Nelly Bassily | May 14, 2012
When I started at Farm Radio International a little over four and a half years ago, I had a few years of media-related international development work in Africa (specifically in Benin and Egypt) under my belt, but not much in the way of agricultural experience. At that time, Farm Radio Weekly was a pilot project that was about to take off. Two hundred issues later, it’s so exciting to see the Weekly grow into a thriving round-up of features, news, events and opportunities for and by African agricultural broadcasters. Add to that two African news bureaus based in Burkina Faso (for francophone Africa) and Malawi (covering Southern Africa), and it’s easy to understand the richness and diversity of African farmer voices that Farm Radio Weekly strives to bring to your inbox every week.
That diversity shines through in a story written by Inoussa Maïga, a bright young journalist from Burkina Faso (whom I had the pleasure to meet at the JADE offices in Ouagadougou, along with the wonderful and dedicated francophone bureau chief, Nourou-Dhine Salouka). Maïga travelled to the village of Namposséla, Mali to bring you the inspiring story of a group of farmers who, after noticing that their yields were dropping every year, decided to work together to change this. By collaborating to produce compost, they have succeeded in improving their soils and yields. I admire the solidarity of these farmers. Also, as the story concludes, when it comes to farmers, “unity is strength” is not an empty phrase.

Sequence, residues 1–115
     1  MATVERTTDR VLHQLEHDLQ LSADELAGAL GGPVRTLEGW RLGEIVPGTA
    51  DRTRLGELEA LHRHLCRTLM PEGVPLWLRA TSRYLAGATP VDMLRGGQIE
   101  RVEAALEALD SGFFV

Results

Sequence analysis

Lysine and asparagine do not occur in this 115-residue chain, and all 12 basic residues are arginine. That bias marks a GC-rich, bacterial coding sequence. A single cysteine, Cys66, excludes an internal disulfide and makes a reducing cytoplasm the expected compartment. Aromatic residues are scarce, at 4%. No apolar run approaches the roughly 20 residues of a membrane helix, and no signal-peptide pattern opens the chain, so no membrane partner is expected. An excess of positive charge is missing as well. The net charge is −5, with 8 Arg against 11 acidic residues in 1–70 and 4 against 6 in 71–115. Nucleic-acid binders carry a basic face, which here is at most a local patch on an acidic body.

Mali: Composting in groups (by Inoussa Maϊga, for Farm Radio Weekly in Mali) http://weekly.farmradio.org/2011/01/24/2-mali-composting-in-groups-by-innoussa-ma%CF%8Aga-for-farm-radio-weekly-in-mali-2/
On top of Farm Radio Weekly, I have been working on Barza, the online community for African radio broadcasters (www.barzaradio.com). In the months to come, it’s my hope that more and more African broadcasters will be able to interact and share more farmer stories through Barza.
When I’m not working, I keep active by practicing an Afro-Brazilian martial art called capoeira. If you don’t know what capoeira is, I encourage you to check out this video, which gives you an overview of what capoeira is and looks like.
I’m extremely lucky to work with such a devoted and talented team. Here’s to 200 more Farm Radio Weekly issues!!!!
-Nelly (You can reach me at: firstname.lastname@example.org)